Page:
Living paycheck-to-paycheck is a difficult and stressful situation. Your paycheck arrives. Bills are due the next day. You divide your paycheck, and like an onion sliced into pieces, it just makes you cry.
Of course, nobody deliberately wants to be trapped in this cycle, yet 80 percent of people in the United States are in it, unable to get themselves out of the situation.
How to do that? The simple and boring answer is “budget.”
You’re probably tired of hearing the word “budget” from friends and financial advisers. The word has become a cliche that you would probably take for granted, or write off as one of those things that people rave about but don’t actually work.
“I know, I know but budgeting doesn’t work for me. All the time.”
Wrong. Boring as it sounds, the budget is the most powerful tool available for you to escape the paycheck-to-paycheck cycle.
Here are some rules to make budgeting really work.
Consider These Successful Budgeting Tips
The reason why many people fail at budgeting is because their budget is too restrictive. Do you start picking at your hair or biting your nails when you exceed your budget? Then budgeting is making you nuts and will never ever work. You’ll simply throw in the towel and forget about it.
Give your budget some wiggle room by having a set amount for every possible expense in a month. Have a budget for birthday gifts or leisure activities. If you didn’t use it, then roll it over to the next month, or transfer it to another expense category.
Break down large expenses
Take for example life insurance premiums that are due every 6 months. If your premium costs $2000 a year, that’s $1000 semi-annually. That’s a shock expense if you do not prepare for it. And it eats up a large portion of your paycheck. As a result, you’ll be scraping by the next couple weeks.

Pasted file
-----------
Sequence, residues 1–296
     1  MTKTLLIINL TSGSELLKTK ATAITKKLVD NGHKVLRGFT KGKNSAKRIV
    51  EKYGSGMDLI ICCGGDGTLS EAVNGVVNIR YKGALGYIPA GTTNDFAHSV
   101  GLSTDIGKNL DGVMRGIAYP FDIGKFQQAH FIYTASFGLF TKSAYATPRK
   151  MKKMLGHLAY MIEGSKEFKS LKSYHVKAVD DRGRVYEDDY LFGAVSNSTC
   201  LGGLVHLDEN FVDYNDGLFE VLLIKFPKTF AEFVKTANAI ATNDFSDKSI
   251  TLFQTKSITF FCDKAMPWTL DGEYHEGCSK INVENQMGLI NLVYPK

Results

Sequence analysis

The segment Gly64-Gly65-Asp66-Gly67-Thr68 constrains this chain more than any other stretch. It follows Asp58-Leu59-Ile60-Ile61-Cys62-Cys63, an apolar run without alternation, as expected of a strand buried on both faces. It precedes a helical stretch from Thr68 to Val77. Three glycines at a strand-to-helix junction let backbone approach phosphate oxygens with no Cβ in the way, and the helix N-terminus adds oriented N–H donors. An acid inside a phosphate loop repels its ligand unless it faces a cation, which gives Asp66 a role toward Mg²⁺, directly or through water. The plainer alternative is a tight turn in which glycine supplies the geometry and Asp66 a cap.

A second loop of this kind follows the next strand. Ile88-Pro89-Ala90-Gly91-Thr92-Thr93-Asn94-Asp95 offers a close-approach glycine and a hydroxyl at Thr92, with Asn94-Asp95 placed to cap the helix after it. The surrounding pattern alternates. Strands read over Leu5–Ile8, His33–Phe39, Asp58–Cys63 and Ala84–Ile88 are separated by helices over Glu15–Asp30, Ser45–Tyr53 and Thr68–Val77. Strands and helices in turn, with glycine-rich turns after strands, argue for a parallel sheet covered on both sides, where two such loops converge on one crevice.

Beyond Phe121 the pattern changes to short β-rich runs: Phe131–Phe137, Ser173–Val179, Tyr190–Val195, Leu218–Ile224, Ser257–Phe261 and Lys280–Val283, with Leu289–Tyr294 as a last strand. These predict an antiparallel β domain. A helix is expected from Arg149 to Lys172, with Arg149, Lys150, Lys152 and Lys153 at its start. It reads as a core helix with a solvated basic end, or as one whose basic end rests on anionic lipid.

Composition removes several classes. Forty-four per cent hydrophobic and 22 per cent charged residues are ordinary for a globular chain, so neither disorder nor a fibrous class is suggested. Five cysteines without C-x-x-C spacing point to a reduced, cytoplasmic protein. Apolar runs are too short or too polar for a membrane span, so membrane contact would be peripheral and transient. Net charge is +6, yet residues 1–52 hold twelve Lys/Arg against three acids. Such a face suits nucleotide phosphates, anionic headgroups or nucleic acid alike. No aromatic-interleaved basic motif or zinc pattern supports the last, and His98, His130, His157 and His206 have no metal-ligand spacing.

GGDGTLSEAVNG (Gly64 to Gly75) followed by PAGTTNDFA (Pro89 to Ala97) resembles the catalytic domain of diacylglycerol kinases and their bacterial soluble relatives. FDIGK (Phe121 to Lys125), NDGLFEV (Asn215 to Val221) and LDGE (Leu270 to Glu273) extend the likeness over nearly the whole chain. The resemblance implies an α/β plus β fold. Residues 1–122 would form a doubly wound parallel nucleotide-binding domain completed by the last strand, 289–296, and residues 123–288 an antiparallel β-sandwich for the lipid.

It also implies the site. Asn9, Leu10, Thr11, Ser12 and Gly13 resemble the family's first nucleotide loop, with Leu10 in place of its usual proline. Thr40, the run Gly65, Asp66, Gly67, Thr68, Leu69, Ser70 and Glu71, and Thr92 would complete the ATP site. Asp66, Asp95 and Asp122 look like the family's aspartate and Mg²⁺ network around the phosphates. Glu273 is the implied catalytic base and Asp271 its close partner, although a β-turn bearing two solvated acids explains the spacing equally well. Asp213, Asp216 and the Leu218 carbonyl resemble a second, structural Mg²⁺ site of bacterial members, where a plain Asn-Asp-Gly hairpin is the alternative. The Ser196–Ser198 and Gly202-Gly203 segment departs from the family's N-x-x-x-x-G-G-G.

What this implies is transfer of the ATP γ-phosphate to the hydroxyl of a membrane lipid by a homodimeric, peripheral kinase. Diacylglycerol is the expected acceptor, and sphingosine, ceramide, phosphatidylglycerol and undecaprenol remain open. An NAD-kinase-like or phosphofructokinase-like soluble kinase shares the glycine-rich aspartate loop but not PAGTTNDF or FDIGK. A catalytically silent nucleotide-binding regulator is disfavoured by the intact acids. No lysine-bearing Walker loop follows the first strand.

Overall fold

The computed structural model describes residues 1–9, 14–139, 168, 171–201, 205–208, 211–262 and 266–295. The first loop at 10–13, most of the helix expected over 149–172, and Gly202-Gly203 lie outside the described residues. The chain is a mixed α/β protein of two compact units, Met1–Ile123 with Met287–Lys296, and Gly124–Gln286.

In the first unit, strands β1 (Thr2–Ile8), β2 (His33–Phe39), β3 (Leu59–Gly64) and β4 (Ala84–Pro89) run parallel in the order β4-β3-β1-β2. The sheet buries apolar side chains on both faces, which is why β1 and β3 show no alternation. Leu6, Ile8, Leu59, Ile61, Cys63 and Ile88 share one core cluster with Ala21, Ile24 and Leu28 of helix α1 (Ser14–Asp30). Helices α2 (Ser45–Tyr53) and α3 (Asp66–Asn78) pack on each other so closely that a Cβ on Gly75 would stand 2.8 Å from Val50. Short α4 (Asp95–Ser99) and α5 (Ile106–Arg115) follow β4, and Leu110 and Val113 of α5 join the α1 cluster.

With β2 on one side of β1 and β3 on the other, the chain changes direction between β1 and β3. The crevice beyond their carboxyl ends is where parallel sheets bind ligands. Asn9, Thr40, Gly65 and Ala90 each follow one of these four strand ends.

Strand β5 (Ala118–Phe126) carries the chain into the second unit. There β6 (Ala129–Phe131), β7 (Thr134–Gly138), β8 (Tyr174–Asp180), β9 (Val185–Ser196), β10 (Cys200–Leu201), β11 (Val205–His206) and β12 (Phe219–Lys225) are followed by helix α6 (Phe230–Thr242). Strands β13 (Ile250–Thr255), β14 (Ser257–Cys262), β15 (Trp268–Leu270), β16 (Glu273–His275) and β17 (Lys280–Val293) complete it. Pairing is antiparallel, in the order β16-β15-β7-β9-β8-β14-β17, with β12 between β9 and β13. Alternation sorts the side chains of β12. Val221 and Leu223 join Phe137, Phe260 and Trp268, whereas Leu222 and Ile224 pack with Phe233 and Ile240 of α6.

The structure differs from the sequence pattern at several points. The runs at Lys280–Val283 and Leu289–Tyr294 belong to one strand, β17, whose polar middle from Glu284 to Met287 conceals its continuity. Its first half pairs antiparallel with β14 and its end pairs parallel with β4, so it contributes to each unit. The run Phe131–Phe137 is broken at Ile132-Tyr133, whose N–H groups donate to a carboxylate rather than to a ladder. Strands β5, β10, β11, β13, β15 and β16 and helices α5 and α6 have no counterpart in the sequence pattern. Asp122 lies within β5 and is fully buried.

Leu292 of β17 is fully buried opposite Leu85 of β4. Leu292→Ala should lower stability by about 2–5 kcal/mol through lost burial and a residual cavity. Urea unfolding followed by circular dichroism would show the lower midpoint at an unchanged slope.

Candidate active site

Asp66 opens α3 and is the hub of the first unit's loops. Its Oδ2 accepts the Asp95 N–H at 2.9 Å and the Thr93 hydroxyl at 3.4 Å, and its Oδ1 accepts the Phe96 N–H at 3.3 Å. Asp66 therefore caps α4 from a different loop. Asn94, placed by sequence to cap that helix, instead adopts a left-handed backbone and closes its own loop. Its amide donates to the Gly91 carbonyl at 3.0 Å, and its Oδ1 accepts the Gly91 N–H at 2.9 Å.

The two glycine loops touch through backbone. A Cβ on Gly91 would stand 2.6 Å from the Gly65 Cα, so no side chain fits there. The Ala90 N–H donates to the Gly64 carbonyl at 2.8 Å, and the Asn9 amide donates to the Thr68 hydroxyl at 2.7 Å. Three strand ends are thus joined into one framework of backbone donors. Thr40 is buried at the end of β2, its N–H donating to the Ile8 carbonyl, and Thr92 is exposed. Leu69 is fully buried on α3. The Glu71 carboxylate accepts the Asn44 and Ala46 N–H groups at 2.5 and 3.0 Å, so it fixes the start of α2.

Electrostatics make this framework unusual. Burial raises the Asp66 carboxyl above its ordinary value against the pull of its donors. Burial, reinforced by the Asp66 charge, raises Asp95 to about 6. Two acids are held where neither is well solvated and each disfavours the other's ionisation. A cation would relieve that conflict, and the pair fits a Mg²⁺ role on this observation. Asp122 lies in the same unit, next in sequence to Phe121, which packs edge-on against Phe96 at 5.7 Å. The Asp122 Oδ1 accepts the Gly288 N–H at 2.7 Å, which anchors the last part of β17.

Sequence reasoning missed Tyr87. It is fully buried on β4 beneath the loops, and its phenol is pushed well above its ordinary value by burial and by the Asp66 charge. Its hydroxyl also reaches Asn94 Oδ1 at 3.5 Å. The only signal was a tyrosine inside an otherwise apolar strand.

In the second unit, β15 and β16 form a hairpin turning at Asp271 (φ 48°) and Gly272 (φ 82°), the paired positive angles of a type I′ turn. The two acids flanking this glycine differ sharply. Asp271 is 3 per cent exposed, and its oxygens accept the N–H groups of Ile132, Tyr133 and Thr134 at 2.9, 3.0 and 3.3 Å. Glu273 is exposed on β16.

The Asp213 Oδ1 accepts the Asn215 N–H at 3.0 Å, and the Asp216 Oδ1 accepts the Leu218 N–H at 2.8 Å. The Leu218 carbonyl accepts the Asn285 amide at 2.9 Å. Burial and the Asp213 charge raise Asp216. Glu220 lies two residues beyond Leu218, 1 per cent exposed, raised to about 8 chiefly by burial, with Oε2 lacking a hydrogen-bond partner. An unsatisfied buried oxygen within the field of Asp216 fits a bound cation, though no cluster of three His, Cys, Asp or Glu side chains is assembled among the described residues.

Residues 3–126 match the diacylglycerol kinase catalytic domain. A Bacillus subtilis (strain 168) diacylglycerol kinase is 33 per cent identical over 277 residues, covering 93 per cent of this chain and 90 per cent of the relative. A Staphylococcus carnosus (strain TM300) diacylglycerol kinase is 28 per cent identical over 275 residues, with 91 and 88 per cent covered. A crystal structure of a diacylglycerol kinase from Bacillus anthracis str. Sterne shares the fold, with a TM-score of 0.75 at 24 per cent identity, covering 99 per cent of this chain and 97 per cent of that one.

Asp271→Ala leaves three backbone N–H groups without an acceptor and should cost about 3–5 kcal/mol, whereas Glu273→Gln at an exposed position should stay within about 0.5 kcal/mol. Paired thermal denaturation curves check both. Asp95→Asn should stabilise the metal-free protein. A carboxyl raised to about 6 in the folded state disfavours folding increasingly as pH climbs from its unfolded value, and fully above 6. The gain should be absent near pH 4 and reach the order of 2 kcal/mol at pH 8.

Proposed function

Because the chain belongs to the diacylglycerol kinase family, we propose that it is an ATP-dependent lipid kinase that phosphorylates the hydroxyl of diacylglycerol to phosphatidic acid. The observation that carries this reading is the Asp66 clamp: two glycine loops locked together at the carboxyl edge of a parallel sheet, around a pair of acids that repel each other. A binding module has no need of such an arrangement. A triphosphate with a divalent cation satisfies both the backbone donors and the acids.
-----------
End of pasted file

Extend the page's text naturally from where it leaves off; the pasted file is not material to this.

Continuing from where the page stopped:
Swiping your card or getting a cash advance for it will only put a band aid to your problem. But when the bills arrive, have you got the 1000 ready?
Prepare for your large expenses by breaking it down to a few dollars every month. Large expenses are less frequent so you have enough time to save for them before they arrive. And because you’re breaking it down to smaller expenses, you won’t feel its pressure on your budget.
Budget for every possible expense you may have
Expenses have lots of categories. Examples: groceries, mortgage, medical/dental checkups; then there utilities such as telephone, water, electricity, cable, propane gas, and internet. To top it off, there are credit card bills, car loans, and insurance premiums.
Listing all your possible expense categories is an eye-opening exercise. It gives you a clear picture of where you are actually spending your hard-earned money.
Now what you need to do here is to assign a value to every expense category you have. Of course, you should also have a category for “savings” and/or “investments” too.
By doing this, you won’t be caught by surprise when an expense suddenly pops up. Running out of propane gas while cooking pasta? No worries. You have a budget for that.
What if I run out of money for a certain category? You might ask.
Simple and stress-free approach is to transfer some of your budget to another category. For example, you may want to transfer some money for “fun” to your budget for daily expenses. Having done that, you also have to limit your fun activities to adjust to your budget capacity. You may want to postpone that movie date or dine out until next month. Doing this makes your budget more flexible and less stressful for you.
Again, a budget that is too restrictive will only make you complain right away and give up on budgeting. And that is, for the most part, the reason why people say budgeting doesn’t work. They quit right away because they can’t make it work!
Use your last month’s paycheck
Individuals who live paycheck to paycheck receive their salary, divide their income, and poof, it’s gone. Imagine not having to do that. Imagine not having to spend your paycheck for the month. Isn’t it liberating?
Now that’s the ultimate goal of your budget. It should gradually allow you to live on last month’s income – or even income 6 months ago, why not. When you have that money sitting on your account, stress flies out of the window. You don’t need to time your bills with your paycheck. You’re basically free of those kinds of worry.
Find a way to be able to save an amount equivalent to a whole month’s income. You can do it slowly but surely by keeping part of your income or you can do it fast by working extra or selling stuff. When you are able to live on last month’s income, you have arrived at the sweet spot – you’re out of the paycheck-to-paycheck cycle.